We came across this message on a Singapore-based Telegram group:
The message includes a screenshot of what appears to be a news article published on CTV News titled “Health officials investigating two dozen suspected cases of monkeypox across Canada found that 95% cases are shingles”. Following the screenshot is a caption stating that “MP (monkeypox) was a good cover up for vaccine injury”.
What is monkeypox?
For some context, monkeypox has been a recent topic of conversation after a recent outbreak of monkeypox cases outside of Africa. There have been 237 suspected and confirmed case of the virus in 19 countries reported since early May, but the World Health Organization (WHO) said on 24 May that while the number is expected to increase, the outbreak can be contained.
WHO officials added that most of the infections so far have not been severe, and scientists also “do not expect the outbreak to evolve into a pandemic like COVID-19, given the virus does not spread as easily as SARS-COV-2”.
The WHO describes monkeypox as a “viral zoonosis (a virus transmitted to humans from animals) with symptoms similar to those seen in the past in smallpox patients, although it is clinically less severe”. Monkeypox primarily occurs in central and west Africa, often in proximity to tropical rainforests.
The first monkeypox outbreak outside of Africa was in the US in 2003, and was linked to contact with infected pet prairie dogs. Monkeypox had also been reported in travellers from Nigeria to Israel in September 2018, to the UK in September 2018, December 2019, May 2021 and May 2022, to Singapore in May 2019, and to the US in July and November 2021.
Did CTV News publish the article?
When we did a Google search of the title, we could not find a link to such an article on CTV News.
Interestingly, the factchecks pointed out that the same screenshot was being shared heavily on Twitter, with one tweet attracting over 3,200 likes and over 2,000 shares:
Possibility of the article not even existing aside, Prof. Seth Blumberg, Assistant Professor of Medicine at the University of California, San Francisco also told Reuters that shingles and monkeypox are distinct diseases.
“Monkeypox is a primary infection caused by contact with a person or animal with active disease. Shingles is reactivation of the virus that causes chickenpox. Both diseases cause a rash with small blisters. However, shingles tends to affect one narrow strip of the skin on just one side of the body, whereas monkeypox can affect the entire body,” said Prof Blumberg.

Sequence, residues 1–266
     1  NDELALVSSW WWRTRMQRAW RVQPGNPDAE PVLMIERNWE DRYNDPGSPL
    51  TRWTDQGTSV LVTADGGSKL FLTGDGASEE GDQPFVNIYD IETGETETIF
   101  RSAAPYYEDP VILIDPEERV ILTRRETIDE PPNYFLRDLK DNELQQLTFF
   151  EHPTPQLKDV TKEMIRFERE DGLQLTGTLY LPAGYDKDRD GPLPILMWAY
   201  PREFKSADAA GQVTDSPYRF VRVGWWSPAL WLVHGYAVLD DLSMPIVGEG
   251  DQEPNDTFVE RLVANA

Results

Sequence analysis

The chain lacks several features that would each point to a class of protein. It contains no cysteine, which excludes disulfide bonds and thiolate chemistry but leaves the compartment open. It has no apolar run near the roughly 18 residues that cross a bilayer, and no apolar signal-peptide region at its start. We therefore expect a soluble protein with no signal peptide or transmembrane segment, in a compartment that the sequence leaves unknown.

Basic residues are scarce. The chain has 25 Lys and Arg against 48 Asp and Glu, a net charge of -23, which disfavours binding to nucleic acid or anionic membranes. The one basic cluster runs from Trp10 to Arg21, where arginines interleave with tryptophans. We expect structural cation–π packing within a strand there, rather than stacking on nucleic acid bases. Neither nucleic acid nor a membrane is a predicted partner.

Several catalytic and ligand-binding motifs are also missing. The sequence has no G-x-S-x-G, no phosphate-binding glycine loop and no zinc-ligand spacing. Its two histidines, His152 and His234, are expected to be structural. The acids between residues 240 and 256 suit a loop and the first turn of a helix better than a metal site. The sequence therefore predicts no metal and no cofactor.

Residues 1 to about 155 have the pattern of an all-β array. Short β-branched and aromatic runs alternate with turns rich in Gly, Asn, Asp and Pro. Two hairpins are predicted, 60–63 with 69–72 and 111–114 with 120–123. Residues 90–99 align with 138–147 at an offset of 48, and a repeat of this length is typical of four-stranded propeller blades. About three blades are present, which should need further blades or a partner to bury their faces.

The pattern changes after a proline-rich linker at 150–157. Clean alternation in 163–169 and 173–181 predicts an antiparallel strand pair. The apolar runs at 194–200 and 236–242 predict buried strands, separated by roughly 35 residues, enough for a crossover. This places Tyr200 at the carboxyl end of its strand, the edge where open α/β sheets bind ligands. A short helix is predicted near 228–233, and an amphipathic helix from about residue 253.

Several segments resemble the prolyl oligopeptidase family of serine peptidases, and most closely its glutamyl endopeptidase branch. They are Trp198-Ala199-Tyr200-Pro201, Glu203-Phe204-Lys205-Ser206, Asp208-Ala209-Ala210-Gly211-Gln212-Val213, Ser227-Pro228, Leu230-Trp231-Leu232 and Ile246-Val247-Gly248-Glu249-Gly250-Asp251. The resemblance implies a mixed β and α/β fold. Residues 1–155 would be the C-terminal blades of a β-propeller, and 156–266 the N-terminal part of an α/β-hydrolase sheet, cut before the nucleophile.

How does this link to ‘vaccine injuries’?
As for the apparent link to ‘vaccine injury’, it seems that the author is suggesting that vaccines have resulted in individuals getting shingles, and that the recent monkeypox outbreak is a red herring.
Interestingly enough, an article on CTV News published in July 2021 actually debunked claims on social media that shingles is a side effect of the COVID-19 vaccine.
Dr. Gerald Evans, chair of Queen’s University’s infectious diseases division in Kingston, Ontario told CTV News on Tuesday that while he is not surprised some people reported a shingles flare-up after being vaccinated, he explained that people get shingles when the virus that causes chickenpox has a resurgence in the body, typically when a person’s immune system is weakened because of another health problem. He said the varicella zoster virus doesn’t leave the body, even after a person has recovered from chickenpox, causing shingles to occur “sporadically in people all the time”, and that it is “almost certainly coincidence because shingles is becoming more and more common in the general population”.
A cross-sectional study published in October 2020 by the University of California also found “no statistical evidence” to support claims of a link between shingles and COVID-19.
Therefore, it is both false that monkeypox and shingles are the same thing, and that monkeypox is a cover up for vaccine-induced shingles.